A little bit more then a year ago, not many people knew much about Brett Festerling, a WHL defenseman who turned an invitation to the Mighty Ducks of Anaheim training camp into an entry-level contract. Now, he’s a key cog in the defensive powerhouse known as the Vancouver Giants. In 68 regular season games, Festerling scored a goal and had seven points as well as 35 penalty minutes. In the playoffs, he had one assist in 18 games as well as ten penalty minutes. Festerling is also crucial component of the Giants top penalty-killing unit that was the best in the WHL in both the regular season and the playoffs.
Hockey’s Future caught up with Festerling at the MasterCard Memorial Cup in Moncton, prior to the Giants game versus the host team, the Moncton Wildcats.
HF: Talk about what you bring to the team.
BF: We have some great defensemen on this team. (Paul) Albers has played awesome for us, leads defensemen in scoring in the WHL. (Cody) Franson has stepped his game up, he’s the offensive heart and soul. So I fill more of a defensive role here. I’ve taken on more of a solid game in game out consistency and penalty killing. (Mark) Fistric and I take pride in our penalty killing, we were top in the WHL in that. So this year, I’ve been more defensive, but I think consistent in every game, night in night out and try to jump in the rush when I can, but more take care of my own zone and make good passes.
HF: You went to the training camp in Anaheim and then you got a contract out of it. How did that all came to pass?
BF: I wasn’t picked in the draft, which was kind of disappointing. Everyone wants to get drafted. So I just worked hard in the summer and we were looking at a couple teams and then Scott Bonner, our GM got in touch with (Brian) Burke and got the tryout in Anaheim. It was kind of a last minute thing in the last week and I ended up going to Anaheim. I had a good camp and they told me they wanted to sign me to a contract. It was exciting for me and I was really excited for my mom right when we got out of the meeting. Fortunately we got things worked out.
HF: Has Anaheim been talking to you throughout the season and into the playoffs?
BF: Yeah, I’ve talked to a couple of their scouts and Burke came down and watched in Spokane so we’ve talked a bit, here and there. Just about keep playing well, keep skating and keep working hard.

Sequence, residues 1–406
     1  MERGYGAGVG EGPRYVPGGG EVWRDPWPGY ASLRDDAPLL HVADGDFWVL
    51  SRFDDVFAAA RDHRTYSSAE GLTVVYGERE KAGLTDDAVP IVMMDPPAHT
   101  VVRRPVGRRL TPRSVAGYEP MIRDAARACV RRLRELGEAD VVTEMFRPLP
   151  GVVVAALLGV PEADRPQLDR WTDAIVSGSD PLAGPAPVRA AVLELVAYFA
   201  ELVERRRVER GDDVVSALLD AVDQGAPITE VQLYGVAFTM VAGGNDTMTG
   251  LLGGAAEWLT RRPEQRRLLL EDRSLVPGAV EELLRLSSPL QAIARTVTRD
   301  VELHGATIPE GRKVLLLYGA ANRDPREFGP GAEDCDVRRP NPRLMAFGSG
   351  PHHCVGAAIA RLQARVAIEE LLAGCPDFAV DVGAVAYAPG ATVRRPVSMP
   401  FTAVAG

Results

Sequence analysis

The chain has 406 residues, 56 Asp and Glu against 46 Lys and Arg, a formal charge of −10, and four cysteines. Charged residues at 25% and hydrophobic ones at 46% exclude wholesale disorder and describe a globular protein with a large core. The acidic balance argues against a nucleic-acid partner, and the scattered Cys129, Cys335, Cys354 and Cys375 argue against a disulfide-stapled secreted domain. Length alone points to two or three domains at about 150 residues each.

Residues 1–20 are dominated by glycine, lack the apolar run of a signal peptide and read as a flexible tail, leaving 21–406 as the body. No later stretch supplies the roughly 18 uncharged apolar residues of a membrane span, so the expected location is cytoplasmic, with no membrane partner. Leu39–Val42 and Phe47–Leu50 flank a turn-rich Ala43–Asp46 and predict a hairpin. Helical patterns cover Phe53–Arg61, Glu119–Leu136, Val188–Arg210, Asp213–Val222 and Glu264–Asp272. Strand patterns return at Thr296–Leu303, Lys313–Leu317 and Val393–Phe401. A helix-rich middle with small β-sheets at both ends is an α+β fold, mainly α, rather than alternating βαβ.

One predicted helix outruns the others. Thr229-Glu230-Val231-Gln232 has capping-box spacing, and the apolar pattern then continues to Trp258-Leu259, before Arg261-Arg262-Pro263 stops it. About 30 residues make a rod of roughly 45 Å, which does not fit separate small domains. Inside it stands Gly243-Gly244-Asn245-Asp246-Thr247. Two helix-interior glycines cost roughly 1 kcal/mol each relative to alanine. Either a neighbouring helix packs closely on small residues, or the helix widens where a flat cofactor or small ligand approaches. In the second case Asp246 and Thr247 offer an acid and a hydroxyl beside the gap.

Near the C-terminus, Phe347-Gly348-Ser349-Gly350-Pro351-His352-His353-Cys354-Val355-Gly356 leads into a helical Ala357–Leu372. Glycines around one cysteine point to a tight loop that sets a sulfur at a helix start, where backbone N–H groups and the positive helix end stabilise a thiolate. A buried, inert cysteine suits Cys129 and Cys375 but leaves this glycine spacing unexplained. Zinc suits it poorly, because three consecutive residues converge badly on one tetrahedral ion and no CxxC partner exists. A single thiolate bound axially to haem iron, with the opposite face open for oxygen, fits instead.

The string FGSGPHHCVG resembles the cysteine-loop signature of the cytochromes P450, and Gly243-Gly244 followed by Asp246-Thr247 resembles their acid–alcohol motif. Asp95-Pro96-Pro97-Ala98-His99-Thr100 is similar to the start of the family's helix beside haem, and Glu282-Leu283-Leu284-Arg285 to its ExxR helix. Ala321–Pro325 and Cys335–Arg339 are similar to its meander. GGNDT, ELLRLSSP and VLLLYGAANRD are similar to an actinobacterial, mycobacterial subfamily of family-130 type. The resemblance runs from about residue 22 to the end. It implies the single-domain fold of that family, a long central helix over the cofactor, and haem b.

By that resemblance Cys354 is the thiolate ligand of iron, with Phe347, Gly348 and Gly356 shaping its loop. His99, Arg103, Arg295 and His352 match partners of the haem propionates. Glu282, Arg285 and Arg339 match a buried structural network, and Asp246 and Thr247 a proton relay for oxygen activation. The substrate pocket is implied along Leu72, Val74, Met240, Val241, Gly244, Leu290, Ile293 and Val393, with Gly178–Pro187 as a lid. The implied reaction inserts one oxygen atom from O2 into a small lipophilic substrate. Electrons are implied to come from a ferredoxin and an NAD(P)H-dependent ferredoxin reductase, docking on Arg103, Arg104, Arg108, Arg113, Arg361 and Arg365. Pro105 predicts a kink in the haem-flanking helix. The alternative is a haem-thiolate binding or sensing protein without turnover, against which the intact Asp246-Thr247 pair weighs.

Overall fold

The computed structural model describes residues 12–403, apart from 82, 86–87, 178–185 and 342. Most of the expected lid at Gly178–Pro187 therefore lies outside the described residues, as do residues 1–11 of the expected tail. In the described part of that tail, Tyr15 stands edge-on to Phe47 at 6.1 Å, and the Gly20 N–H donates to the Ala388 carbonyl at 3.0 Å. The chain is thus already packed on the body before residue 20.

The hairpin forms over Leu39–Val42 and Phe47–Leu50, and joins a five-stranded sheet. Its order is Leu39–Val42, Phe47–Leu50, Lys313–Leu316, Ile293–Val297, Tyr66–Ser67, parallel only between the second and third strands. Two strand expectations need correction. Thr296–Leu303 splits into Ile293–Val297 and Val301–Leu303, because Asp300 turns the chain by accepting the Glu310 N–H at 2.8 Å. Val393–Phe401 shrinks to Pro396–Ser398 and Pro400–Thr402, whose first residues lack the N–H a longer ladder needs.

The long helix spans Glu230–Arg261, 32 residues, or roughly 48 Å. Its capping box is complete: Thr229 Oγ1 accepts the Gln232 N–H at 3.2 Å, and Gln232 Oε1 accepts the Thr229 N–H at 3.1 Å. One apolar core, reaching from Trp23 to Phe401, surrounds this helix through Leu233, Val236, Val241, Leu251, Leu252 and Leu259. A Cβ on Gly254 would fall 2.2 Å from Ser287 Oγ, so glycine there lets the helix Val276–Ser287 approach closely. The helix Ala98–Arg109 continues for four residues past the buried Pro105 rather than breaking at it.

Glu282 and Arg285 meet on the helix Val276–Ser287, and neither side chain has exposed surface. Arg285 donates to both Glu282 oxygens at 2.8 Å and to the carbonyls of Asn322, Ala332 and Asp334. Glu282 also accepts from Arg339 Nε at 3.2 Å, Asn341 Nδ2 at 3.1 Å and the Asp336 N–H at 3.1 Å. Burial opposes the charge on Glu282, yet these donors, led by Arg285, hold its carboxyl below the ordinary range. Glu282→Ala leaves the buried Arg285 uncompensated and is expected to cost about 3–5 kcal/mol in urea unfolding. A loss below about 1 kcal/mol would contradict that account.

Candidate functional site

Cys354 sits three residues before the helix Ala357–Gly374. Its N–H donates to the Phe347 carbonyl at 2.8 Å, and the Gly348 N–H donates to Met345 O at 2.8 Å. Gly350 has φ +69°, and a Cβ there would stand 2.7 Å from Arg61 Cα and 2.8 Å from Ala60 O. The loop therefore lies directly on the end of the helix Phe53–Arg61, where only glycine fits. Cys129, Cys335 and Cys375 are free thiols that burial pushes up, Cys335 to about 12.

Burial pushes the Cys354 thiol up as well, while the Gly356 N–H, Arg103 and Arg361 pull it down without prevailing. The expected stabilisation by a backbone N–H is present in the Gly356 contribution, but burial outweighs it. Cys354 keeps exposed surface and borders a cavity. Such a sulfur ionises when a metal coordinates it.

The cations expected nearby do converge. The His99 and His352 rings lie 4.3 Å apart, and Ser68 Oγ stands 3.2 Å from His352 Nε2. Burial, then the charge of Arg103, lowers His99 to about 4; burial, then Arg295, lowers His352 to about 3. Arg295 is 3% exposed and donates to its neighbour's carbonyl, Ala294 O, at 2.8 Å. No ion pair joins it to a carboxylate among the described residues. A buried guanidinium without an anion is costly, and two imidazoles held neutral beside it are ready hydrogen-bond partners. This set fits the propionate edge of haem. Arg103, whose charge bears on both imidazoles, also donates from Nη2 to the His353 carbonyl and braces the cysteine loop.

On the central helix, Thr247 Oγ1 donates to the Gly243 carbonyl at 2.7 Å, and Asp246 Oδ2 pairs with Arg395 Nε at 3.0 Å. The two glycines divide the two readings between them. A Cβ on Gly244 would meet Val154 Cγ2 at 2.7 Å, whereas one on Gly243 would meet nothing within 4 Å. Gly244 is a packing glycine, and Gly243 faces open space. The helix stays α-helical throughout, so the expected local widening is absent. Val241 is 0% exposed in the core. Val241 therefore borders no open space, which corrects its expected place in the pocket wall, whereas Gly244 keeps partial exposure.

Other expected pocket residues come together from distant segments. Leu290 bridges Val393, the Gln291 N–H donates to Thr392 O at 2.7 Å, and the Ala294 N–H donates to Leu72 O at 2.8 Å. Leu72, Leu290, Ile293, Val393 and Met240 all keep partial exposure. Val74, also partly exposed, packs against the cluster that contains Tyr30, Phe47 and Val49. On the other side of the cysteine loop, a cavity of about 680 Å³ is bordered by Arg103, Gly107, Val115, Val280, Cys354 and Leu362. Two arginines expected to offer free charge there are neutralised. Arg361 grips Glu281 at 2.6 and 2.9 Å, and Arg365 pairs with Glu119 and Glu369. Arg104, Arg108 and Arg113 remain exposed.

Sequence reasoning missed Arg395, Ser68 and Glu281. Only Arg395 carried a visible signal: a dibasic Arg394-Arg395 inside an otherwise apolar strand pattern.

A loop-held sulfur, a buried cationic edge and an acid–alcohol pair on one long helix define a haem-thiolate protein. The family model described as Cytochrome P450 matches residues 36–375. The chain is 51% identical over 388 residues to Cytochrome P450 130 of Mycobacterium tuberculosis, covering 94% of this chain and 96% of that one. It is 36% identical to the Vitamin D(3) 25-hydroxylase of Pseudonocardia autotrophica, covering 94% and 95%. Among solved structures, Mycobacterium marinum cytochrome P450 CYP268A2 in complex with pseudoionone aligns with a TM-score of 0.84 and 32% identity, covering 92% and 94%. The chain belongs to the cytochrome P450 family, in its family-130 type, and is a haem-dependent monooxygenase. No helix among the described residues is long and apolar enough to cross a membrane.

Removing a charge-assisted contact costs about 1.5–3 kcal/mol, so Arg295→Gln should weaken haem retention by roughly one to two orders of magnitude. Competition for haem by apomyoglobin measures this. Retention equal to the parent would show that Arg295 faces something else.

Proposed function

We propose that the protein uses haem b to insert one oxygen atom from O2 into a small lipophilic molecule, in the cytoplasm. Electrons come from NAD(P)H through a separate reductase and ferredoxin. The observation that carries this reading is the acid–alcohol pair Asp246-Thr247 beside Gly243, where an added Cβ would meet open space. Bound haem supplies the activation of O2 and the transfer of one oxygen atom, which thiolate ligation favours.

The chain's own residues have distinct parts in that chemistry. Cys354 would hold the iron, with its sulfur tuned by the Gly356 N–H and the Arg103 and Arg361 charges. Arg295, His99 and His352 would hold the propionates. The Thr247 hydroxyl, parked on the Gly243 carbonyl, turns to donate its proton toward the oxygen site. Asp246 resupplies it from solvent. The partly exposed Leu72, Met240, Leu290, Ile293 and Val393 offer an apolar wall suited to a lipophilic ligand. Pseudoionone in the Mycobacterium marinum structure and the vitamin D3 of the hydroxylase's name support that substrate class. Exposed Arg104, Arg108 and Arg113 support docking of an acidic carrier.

HF: Have you been watching any of their playoff run?
BF: Yeah, I have. Everybody’s going for Edmonton because everyone’s from the West. But the California guys (defenseman Jonathan Blum and center Tim Kraus) are with me on Anaheim. But everyone’s going for Edmonton because they’re Canadian. Yeah, I’m going for [Anaheim].
HF: They’re saying that QMJHL referees might call it a little tighter then they call it out West. Do you think that will be a problem for your team?
BF: It shouldn’t be. We watched the game last night and we don’t get in trouble. We play the body, but the guys like to skate. For some of the teams that are slower, it might cause more problems but we play quick. I think we’ll be fine.
HF: Do you think the offense side of your team is a little underrated?
BF: I think it is underrated. A lot of the guys look at Brule and say he’s the scorer and if you shutdown him, you shutdown the offense. But we had something like 16 guys score in the playoffs and 10 different guys score with game winning goals so we are underrated. We roll four lines that can go and get good opportunities.
After the game, Hockey’s Future was able to catch up with a bandaged and bloodied Festerling again as he discussed the 3-2 loss to the Moncton Wildcats.
HF: First off, what happened to the nose?
BF: I caught a visor, I think or the back of a helmet in the first shift of the second period. I got on the ice and got clipped a bit. So a little cut, I’m good to go.
HF: What do you think the team has to improve on for the next game?
BF: Uncharacteristic penalties. We can’t afford to penalties after the whistle. We can’t afford to take lazy penalties. How we play usually isn’t so undisciplined. And two, our odd-man rushes. We gave up two and they scored on both. So yeah, better defensively and positionally. I was playing stupid as well.
HF: Moncton came out quite physical. Were you guys expecting that or did it take you by surprise?
BF: Yeah, we knew they were a physical team and we’re not afraid to play physical. So we expected them to play physical and we didn’t want to back down at all.
Brett Festerling and Vancouver Giants face off tonight against the Quebec Remparts as the 2006 MasterCard Memorial Cup continues in Moncton.
Glen Jackson contributed to this article. Copyright 2006 Hockey’s Future. Do not reprint or otherwise duplicate without permission of the editorial staff.